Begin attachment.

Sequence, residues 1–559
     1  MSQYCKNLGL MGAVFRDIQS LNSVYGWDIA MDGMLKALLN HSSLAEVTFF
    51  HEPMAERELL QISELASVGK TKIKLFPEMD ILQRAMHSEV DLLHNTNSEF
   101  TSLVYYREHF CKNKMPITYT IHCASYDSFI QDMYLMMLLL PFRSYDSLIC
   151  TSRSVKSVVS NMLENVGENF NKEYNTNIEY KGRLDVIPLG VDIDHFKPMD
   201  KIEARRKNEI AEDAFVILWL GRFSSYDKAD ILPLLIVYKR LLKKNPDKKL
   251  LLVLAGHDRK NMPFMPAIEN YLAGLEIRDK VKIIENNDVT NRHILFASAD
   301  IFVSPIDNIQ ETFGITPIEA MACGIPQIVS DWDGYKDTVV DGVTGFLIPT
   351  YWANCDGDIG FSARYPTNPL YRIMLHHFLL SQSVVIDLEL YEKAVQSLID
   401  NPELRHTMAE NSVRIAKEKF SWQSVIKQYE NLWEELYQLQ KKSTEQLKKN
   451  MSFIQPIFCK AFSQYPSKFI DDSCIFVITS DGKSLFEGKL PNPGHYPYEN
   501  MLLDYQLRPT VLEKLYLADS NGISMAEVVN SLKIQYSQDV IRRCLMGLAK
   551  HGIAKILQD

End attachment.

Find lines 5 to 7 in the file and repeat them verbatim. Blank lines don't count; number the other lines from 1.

   151  TSRSVKSVVS NMLENVGENF NKEYNTNIEY KGRLDVIPLG VDIDHFKPMD
   201  KIEARRKNEI AEDAFVILWL GRFSSYDKAD ILPLLIVYKR LLKKNPDKKL
   251  LLVLAGHDRK NMPFMPAIEN YLAGLEIRDK VKIIENNDVT NRHILFASAD